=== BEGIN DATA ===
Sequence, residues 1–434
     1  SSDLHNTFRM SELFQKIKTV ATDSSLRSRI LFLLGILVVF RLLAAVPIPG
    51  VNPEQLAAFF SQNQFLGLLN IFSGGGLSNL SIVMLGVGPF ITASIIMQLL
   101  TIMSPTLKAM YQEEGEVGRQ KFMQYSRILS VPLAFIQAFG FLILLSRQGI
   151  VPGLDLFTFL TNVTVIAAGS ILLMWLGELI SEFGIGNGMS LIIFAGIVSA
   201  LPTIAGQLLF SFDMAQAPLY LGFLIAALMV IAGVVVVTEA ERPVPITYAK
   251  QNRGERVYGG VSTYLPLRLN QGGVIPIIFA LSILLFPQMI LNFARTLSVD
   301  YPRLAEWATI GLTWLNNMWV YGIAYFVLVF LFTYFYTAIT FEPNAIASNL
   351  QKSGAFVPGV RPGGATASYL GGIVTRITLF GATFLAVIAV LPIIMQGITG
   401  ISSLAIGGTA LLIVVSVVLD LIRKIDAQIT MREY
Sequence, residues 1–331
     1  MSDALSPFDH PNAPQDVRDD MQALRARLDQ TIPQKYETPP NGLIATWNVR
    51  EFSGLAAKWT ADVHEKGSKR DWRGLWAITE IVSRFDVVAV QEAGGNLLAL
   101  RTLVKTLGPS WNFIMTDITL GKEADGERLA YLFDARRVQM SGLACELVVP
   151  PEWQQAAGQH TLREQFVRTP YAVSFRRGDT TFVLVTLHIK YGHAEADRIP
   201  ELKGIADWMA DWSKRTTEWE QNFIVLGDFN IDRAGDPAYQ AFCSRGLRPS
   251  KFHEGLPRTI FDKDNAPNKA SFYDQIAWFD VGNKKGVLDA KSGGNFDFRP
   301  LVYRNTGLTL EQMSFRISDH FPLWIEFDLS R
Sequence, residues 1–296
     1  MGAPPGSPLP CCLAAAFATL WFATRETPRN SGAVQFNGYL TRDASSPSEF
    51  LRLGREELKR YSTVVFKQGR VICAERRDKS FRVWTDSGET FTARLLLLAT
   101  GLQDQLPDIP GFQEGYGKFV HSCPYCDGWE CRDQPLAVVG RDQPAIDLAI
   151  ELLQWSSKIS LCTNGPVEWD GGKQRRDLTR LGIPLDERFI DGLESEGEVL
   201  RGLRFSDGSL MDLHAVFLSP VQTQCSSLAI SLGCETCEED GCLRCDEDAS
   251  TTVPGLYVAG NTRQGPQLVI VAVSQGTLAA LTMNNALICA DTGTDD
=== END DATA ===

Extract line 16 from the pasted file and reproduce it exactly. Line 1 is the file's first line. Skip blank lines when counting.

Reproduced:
   201  ELKGIADWMA DWSKRTTEWE QNFIVLGDFN IDRAGDPAYQ AFCSRGLRPS